Day #315: Nussbaum

I am grateful for the endless possibilities of language. This morning (before 7 am) my spouse and I were discussing the origins of the terms “Don’t be a nussbaum” and his memories of playing with army men with parachutes attached that they called “Ish Kabibble.” Alert: word derivation mysteries! The hunt is on. Where did these words originate and how did they enter our family lexicon? Not that we’ve discovered any answers.

Nussbaum means “nut tree” in German. It’s a last name. Martha Nussbaum is a distinguished philosopher and educator. But none of that explains our family use of the word (but researching Martha Nussbaum convinced me I need to learn more about her philosophy and read her books.)

Ish Kabibble? Look him up on Wikipedia. Fascinating! A study in how words are invented and spread over miles and across years. However, no reason is evident for naming army men Ish Kabibble. Steve believes he might have attached the name to them, but where would he have heard this term? (He’s not THAT old.)

Do you have familiar family phrases for which the origin is fuzzy? I am curious what they might be.

I truly LOVE searches like this. What a great way to start the day!

detective work

Day #308: New words

I am grateful for learning new words. Today I learned “bae.” According to an etymological dictionary, it is Danish for poop. The interesting part is that it is now used to mean sweetheart or baby (affectionate term for girlfriend or boyfriend). I haven’t found anything that traces that path. New words are treasures! (I am not going to post a photo to go with this subject so you’re getting a photo of autumn leaves instead.) (Now, should I call Steve my bae? Hmmm.)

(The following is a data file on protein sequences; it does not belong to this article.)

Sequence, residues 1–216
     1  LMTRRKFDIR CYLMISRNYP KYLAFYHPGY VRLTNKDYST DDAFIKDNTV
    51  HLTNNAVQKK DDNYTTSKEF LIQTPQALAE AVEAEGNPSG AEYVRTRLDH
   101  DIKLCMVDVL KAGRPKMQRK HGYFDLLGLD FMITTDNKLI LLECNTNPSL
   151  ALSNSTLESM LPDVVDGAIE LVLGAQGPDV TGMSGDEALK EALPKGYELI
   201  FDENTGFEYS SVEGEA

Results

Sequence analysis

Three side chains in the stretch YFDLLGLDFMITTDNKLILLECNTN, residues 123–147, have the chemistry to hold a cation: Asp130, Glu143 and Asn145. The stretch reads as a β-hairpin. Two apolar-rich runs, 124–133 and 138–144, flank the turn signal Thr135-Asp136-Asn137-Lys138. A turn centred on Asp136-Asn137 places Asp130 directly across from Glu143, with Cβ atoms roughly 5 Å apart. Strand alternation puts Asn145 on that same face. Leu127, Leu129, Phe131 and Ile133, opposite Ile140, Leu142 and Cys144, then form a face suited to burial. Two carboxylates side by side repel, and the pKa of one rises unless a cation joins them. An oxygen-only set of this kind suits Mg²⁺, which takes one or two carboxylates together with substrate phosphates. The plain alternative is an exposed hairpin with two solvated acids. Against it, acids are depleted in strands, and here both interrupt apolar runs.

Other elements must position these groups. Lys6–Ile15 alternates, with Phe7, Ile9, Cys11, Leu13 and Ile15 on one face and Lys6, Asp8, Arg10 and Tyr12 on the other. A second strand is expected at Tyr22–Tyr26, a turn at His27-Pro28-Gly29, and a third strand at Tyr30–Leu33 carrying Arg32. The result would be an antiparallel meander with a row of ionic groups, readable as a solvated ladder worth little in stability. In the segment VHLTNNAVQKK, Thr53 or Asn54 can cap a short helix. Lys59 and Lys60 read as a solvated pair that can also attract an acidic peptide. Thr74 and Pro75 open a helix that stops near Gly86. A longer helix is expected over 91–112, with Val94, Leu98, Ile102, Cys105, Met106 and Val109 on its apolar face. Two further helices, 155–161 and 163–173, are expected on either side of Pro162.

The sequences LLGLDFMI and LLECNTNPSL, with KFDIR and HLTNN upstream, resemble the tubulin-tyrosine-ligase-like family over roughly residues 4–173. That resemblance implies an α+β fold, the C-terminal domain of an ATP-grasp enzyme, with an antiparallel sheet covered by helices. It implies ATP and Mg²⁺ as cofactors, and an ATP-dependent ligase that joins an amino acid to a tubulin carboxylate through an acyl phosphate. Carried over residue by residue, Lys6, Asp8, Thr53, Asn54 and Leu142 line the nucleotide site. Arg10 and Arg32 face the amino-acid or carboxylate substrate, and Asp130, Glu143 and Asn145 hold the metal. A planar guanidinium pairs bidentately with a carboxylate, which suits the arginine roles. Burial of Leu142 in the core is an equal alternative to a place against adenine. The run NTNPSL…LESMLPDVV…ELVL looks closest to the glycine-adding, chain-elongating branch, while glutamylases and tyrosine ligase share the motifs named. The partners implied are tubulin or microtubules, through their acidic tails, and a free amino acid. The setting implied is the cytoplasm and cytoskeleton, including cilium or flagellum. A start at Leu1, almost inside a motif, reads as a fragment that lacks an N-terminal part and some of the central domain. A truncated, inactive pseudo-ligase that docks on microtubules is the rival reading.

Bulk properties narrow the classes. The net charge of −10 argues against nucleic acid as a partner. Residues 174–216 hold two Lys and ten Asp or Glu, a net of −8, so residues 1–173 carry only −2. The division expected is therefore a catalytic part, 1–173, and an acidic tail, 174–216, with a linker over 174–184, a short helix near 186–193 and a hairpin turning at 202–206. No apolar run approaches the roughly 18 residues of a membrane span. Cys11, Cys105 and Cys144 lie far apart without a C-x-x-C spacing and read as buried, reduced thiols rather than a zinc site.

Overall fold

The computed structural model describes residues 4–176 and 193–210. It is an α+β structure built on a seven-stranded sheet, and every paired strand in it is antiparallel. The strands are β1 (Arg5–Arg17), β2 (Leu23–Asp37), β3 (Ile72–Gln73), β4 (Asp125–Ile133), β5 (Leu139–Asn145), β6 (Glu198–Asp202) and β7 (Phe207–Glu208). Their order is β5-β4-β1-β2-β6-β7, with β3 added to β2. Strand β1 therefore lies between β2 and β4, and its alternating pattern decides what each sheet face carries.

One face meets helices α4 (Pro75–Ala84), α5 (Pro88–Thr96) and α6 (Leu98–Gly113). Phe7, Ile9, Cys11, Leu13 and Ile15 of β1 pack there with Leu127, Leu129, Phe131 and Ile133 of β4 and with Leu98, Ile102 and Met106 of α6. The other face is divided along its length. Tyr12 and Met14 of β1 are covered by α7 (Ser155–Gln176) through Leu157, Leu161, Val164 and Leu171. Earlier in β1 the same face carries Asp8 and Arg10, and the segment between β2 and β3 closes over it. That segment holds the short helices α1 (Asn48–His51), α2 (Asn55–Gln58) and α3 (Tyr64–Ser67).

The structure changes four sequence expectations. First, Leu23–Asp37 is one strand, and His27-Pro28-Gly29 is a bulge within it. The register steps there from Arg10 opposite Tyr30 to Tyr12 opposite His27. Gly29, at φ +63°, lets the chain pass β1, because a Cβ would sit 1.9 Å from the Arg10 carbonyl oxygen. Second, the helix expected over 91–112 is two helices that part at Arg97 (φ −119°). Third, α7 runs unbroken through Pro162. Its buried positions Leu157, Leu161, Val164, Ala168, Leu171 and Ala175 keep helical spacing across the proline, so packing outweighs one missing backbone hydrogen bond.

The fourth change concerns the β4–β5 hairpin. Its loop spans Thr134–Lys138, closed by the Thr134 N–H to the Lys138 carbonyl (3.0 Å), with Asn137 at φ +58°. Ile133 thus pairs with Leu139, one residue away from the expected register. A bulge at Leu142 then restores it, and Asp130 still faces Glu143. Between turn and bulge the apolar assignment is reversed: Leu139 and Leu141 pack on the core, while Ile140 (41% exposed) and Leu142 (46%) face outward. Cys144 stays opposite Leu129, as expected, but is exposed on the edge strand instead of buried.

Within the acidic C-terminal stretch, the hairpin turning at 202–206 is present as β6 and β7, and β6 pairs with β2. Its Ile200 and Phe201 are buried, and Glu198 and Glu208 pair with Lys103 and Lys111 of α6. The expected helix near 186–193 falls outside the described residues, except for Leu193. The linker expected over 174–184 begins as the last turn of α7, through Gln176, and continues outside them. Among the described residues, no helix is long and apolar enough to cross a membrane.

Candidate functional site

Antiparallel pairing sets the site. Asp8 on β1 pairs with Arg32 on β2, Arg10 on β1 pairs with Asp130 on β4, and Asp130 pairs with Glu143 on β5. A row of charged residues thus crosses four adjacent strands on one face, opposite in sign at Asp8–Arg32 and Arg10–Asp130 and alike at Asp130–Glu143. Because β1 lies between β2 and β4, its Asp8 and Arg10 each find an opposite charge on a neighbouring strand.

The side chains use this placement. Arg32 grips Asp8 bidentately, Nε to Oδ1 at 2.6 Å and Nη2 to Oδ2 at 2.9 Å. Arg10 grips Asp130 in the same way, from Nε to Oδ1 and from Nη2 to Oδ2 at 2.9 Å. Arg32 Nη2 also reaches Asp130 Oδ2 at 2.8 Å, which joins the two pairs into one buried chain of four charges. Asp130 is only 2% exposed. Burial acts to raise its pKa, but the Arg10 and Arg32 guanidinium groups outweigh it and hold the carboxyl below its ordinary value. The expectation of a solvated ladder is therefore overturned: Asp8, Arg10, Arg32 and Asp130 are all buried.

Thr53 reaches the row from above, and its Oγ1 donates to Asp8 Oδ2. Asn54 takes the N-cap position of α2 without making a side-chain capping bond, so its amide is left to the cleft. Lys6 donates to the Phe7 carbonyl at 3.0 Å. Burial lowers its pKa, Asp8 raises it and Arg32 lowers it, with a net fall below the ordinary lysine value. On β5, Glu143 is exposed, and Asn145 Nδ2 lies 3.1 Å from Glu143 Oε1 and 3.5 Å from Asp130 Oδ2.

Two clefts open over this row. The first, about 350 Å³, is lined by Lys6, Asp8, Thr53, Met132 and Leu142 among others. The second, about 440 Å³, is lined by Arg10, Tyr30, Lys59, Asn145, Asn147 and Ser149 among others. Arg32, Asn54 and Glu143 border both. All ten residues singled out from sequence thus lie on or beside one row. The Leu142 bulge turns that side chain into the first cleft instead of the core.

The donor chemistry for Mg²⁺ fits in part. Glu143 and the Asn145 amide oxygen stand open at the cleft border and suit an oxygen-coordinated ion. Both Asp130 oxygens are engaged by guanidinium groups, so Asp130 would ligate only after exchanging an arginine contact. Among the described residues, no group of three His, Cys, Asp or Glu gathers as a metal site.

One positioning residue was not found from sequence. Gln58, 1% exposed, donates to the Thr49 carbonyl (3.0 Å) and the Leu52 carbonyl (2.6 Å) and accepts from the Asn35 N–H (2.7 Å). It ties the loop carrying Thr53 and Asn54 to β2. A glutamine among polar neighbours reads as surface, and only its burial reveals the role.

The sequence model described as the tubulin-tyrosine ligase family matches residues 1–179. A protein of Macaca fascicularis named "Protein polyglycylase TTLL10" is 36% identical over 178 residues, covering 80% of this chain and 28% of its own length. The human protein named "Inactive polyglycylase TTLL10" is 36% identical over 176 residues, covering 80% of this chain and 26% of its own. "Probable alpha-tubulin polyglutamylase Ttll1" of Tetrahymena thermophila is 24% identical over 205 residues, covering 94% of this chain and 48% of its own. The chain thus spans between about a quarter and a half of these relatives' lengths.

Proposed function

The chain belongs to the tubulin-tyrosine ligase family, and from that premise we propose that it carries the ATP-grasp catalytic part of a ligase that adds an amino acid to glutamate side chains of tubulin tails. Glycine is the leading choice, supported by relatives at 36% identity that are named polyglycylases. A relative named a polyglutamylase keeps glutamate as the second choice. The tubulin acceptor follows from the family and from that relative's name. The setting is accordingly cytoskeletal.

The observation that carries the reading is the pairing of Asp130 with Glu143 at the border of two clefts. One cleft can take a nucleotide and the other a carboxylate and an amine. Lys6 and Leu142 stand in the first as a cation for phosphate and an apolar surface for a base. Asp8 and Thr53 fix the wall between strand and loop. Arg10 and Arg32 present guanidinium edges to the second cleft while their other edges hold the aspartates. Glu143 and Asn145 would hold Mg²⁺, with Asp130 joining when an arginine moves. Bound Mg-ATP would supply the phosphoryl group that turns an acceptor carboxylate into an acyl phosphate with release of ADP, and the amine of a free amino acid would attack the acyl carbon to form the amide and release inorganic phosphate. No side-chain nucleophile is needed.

autumn leaves

Day #305: Word frequency

I am always grateful for the opportunity to geek out. Ever since I was hired to find the frequency of the word “miracle” in English usage, which was a matter of finding the definitive source for admission in court, I have been hooked on “word frequency.” It’s fascinating stuff and there are more sources now than there were 30 years ago when I pursued that search (which was helped by a librarian at the Minneapolis Public Library). Here’s a fascinating glimpse at word frequency bubbles. Before you watch, can you guess the three most commonly used words in the English language? Put your guesses in the comments.

Day #123: Raconteur


While reading “My Father’s Stack of Books” by Kathryn Schulz in The New Yorker, I came across her description of her father as an “epic raconteur.” I stopped. Word bliss settled in. “Raconteur.” I hadn’t thought of that word for a while. Don’t you love it when you encounter an old friend? A word that you admire for its meaning and its sound and the feelings it stirs inside you?

Merriam Webster says this about the etymology of “raconteur”: The story of raconteur is a tale of telling and counting. English speakers borrowed the word from French, where it traces back to the Old French verb raconter, meaning “to tell.” Raconter in turn was formed from another Old French verb, aconter or acompter, meaning “to tell” or “to count,” which is ultimately from Latin computare, meaning “to count.” Computare is also the source of our words count and account. Raconteur has been part of the English vocabulary since at least 1828.

I will express my gratitude for the meaning of words, the sound of words, and the origins or words more than once during this Year of Gratitude. They are one of the greatest pleasures of my life.

Do you have a word you’ve re-discovered recently?

Day #114: Word Detective